AUSTIN, TX — (08-31-19) — The Texas State Legislature has banned people from sending nude pics of themselves in cyberspace and has issued a major fine for offenders.
Texas has teamed up with Austin-based Bumble Dating App to crack down on people who send unsolicited nude pics on dating apps and blog chat boards in cyberspace.
The state’s new law banning the practice of “cyber flashing” comes after dating app company Bumble, lobbied for action to stop the practice.
The new law that makes electronically transmitted images of sexually explicit material a Class C misdemeanor that comes with a fine of up to $500 if the person who received the nude pics didn’t give consent, went into effect today, Saturday, August 31.
Texas and Bumble App Target “Cyber Fishing” in new Law
Texas state Rep. Morgan Meyer, said that app users have filed complaints with the dating app Bumble over constantly receiving unwanted sexually explicit pics. Bumble “realized there was no recourse but to do something about it at the state level” said Meyer.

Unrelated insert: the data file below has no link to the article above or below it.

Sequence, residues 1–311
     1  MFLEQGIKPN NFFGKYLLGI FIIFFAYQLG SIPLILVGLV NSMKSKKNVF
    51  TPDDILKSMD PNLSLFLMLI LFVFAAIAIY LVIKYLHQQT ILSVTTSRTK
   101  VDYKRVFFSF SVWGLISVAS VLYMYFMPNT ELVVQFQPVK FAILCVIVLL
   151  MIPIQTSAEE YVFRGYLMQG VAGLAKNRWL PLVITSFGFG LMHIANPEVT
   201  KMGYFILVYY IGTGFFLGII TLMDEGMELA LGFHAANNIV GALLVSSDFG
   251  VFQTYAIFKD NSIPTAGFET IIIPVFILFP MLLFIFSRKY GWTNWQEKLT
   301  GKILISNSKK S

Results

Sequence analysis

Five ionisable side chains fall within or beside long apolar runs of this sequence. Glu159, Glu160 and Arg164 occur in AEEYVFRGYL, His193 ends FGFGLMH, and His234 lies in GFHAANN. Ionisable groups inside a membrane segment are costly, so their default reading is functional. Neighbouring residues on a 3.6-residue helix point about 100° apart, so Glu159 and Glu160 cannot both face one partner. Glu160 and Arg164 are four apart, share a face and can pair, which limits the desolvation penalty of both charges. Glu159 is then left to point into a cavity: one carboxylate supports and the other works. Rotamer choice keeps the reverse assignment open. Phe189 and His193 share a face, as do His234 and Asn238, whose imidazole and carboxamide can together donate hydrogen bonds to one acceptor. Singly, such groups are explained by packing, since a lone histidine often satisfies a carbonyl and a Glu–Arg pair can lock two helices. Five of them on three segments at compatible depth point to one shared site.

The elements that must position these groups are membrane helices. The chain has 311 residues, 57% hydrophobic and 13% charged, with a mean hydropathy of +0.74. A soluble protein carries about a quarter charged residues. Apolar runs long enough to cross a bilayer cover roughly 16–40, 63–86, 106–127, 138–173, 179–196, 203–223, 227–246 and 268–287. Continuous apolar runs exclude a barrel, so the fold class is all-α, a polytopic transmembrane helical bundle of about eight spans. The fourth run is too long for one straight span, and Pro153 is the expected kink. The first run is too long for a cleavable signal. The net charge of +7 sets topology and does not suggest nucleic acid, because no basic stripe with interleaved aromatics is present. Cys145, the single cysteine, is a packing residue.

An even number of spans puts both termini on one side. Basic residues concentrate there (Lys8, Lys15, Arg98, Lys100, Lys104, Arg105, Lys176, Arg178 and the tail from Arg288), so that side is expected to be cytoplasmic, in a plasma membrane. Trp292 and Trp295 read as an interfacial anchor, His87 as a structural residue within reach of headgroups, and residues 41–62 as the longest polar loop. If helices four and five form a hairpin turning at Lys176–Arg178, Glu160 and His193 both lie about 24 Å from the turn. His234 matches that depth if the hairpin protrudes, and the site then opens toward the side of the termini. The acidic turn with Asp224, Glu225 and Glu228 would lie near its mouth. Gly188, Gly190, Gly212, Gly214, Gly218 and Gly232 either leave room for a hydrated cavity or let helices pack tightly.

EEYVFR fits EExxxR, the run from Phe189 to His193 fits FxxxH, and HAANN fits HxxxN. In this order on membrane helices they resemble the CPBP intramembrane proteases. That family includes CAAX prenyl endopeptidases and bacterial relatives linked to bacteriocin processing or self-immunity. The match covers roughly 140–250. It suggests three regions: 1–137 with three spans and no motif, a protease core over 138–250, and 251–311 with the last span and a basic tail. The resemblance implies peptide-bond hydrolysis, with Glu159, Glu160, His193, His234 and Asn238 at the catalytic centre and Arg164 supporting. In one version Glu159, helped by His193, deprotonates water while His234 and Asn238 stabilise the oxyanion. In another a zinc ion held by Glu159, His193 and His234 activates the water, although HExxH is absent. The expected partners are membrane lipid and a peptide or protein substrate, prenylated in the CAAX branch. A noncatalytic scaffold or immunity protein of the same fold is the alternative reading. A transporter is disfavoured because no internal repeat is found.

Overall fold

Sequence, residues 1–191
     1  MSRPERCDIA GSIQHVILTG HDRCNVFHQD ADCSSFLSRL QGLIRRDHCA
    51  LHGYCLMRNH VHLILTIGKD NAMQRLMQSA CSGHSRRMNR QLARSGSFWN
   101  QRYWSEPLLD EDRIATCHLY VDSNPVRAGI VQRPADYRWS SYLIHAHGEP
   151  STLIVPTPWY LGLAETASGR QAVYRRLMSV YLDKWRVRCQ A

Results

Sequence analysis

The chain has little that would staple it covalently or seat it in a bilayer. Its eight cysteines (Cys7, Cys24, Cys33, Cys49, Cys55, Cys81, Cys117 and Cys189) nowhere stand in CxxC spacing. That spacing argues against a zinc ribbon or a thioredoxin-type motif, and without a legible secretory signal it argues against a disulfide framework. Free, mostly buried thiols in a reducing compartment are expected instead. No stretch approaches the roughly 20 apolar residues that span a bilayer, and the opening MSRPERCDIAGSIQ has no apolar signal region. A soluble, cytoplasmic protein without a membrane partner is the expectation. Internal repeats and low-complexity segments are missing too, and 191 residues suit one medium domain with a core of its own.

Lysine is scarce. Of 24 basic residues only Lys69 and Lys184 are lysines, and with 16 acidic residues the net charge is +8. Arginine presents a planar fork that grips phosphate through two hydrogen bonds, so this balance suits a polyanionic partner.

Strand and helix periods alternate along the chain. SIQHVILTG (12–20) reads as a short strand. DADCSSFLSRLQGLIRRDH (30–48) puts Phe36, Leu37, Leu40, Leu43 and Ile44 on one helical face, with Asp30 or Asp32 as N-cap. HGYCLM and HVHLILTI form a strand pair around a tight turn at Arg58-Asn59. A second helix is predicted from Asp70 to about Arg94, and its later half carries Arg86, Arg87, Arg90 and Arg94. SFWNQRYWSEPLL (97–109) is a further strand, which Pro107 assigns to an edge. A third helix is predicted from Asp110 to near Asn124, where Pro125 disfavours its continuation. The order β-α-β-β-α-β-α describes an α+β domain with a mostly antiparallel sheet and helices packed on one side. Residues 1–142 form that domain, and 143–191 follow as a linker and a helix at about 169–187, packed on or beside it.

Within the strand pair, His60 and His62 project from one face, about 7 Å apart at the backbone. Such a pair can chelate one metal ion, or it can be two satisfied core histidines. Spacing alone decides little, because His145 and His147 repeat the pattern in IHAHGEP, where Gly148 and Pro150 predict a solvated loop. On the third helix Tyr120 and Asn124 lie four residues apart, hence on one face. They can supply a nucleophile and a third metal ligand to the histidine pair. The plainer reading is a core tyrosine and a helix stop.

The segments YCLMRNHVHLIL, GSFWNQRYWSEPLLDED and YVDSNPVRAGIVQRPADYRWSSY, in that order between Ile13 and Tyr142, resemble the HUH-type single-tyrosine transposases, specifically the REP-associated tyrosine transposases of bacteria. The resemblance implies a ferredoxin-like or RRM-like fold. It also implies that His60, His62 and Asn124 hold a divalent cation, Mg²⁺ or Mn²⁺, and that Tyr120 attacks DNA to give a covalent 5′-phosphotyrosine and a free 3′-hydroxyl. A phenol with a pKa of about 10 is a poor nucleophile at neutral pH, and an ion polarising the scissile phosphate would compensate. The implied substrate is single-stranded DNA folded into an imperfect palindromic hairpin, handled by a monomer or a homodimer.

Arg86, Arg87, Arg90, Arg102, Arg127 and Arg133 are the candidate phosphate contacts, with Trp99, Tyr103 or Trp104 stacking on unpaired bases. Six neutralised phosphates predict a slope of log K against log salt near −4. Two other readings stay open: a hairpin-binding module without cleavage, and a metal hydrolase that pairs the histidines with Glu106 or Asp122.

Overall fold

Bumble app Chief of Staff Caroline Ellis Roche, said the company plans to take the legislation to the federal level.
States including California and Vermont have laws criminalizing the electronic messaging of lewd content, but most of them are linked to the sender’s intentions.
Another organization Match Group, known for owning multiple dating app companies, helped get passed legislation in California and Vermont to make cyber fishing a major crime. The California legislation requires all online dating platforms to post safety tips, while Vermont’s requires that dating app platforms notify users of people who have abused the dating apps.
Article by: Paul Goldberg, Staff Writer
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